In my neighborhood growing up, just as in many neighborhoods all over the world, there were families of many faiths working together to form a community—a safe haven for their children.  Separations developed over lawn mowers being borrowed, and were healed by neighborly intervention.  When we had questions about a menorah being displayed, or an image of Ghanesh, we would ask in our curiosity and be answered.  Matters of faith, for the members of my community, were personal and important; faith was a tool and blessing to be used by those willing, not forced or denied, and it was understood that everyone used their own language to pray.

Whether a person believes faith is valid or not, or whether a person believes in Divinity or not is relatively unimportant; what matters is that we honor the rights of our neighbors to believe as they wish, and to heal ignorance when it rears its head.  All are unique, and each has a path to follow.

I have been a glass worker for over twenty years, initially attracted to the medium because of its play with, and dependency on, the effects of light.  I also enjoy the inflexibility of much of the medium—there are tight rules for using the materials, and the constraints can seem overwhelming.  However, exploring the possibilities of expression within those constraints has been—forgive me—illuminating.  I find there are parallels between glass work and the realities of social living, as well.

For the last several years, I have been exploring and comparing religions and spiritual systems.  Religion is an organized system of covenant making, where the covenants made facilitate becoming a divine person, or to become a truly complete and fully evolved human.  Spiritual systems are ways of viewing and processing reality, so the individual can make consistent decisions leading towards the realization of the complete human.  Although symbolic vocabularies vary wildly, the underlying motivations appear consistent—humanity strives to become better, and to make the future better for its children.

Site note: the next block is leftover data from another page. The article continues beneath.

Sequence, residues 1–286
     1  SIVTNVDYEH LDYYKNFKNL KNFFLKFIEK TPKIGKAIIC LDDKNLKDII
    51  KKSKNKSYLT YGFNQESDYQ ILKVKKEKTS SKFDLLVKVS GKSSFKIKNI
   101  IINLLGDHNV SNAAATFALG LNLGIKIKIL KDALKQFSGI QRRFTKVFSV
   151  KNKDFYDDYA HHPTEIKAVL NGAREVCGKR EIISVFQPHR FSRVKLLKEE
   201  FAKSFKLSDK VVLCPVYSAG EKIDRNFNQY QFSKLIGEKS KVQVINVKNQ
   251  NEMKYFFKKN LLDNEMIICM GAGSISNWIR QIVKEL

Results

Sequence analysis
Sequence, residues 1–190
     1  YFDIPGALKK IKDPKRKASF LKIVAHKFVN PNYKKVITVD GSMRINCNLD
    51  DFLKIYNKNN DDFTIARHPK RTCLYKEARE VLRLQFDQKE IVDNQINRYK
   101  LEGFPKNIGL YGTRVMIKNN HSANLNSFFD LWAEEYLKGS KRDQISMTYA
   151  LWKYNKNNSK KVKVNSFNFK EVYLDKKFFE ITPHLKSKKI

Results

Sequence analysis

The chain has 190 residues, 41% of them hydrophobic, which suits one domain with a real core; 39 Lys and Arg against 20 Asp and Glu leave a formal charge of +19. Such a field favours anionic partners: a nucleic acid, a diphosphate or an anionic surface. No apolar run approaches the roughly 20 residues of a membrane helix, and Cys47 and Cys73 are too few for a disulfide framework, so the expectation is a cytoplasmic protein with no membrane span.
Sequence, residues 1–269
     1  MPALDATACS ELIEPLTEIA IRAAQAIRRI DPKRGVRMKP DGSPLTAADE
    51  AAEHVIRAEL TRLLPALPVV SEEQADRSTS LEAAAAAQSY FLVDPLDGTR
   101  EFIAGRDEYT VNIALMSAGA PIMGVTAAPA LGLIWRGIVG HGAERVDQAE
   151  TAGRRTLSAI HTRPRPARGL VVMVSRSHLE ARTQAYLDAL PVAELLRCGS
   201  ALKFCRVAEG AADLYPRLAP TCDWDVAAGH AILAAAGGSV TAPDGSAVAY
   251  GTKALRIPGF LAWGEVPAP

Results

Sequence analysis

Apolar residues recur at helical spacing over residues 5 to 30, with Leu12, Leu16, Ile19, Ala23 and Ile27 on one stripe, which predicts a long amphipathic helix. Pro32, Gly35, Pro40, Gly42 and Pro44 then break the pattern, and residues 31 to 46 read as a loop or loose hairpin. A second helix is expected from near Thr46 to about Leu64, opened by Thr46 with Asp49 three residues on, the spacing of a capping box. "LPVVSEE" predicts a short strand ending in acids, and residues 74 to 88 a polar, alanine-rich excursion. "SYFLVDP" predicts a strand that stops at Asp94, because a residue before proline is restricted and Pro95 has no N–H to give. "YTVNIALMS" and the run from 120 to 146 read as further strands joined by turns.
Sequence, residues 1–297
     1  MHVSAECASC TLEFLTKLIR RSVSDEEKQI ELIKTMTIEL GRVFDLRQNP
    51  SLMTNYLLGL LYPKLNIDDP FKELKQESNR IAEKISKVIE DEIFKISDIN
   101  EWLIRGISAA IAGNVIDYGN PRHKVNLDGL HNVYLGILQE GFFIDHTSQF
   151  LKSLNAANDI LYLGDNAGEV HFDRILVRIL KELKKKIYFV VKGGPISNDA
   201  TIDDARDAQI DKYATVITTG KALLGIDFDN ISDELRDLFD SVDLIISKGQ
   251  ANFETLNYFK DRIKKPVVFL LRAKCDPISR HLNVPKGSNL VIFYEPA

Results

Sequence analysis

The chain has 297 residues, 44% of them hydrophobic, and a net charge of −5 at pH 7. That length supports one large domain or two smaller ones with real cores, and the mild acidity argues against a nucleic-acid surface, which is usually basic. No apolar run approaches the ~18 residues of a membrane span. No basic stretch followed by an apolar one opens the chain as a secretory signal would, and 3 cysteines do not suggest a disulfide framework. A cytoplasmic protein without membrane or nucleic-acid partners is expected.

A while ago, I realized that the television portrayals of some faiths did not match what I observed in friends of mine who declared themselves of those faiths portrayed.  Going back to the roots of my childhood, I determined I would ask for explanations, directly from the source.  Now of course I understand that one or two people cannot bear the responsibility of faith for millions or billions of others, but I felt that they should know what they themselves believe in.  One of these faiths I began to explore is Islam.  As a glass artist, I felt it appropriate to express my experiences in the medium with which I am most comfortable, and this was the beginning of my ongoing project, 99 Most Beautiful Names.

Over the next three years, I will be relating my experiences with research and exploration of the 99 Most Beautiful Names, the Names of God from the Qur’an, and the sculptures I build.  I will also be sharing technical aspects of my glass work, the ongoing process of the project, and feedback.  There are always shrill voices of derision, but I have found those who respond to the project, positively or negatively, do so while being consistently polite.  My father said that name-calling is the purview of bullies, and reason the purview of people.  I hope this continues to prove true.

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